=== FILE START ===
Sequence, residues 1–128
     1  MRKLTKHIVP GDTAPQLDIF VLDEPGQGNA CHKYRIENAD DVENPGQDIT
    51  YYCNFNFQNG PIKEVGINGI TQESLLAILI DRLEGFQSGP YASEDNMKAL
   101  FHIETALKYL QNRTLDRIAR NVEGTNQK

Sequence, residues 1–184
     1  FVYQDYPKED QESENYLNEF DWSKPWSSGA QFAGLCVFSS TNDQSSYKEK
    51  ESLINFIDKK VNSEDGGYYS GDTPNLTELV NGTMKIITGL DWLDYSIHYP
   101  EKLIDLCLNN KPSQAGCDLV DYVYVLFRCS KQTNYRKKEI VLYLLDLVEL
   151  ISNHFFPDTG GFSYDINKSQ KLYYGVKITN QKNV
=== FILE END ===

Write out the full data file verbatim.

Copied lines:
Sequence, residues 1–128
     1  MRKLTKHIVP GDTAPQLDIF VLDEPGQGNA CHKYRIENAD DVENPGQDIT
    51  YYCNFNFQNG PIKEVGINGI TQESLLAILI DRLEGFQSGP YASEDNMKAL
   101  FHIETALKYL QNRTLDRIAR NVEGTNQK

Sequence, residues 1–184
     1  FVYQDYPKED QESENYLNEF DWSKPWSSGA QFAGLCVFSS TNDQSSYKEK
    51  ESLINFIDKK VNSEDGGYYS GDTPNLTELV NGTMKIITGL DWLDYSIHYP
   101  EKLIDLCLNN KPSQAGCDLV DYVYVLFRCS KQTNYRKKEI VLYLLDLVEL
   151  ISNHFFPDTG GFSYDINKSQ KLYYGVKITN QKNV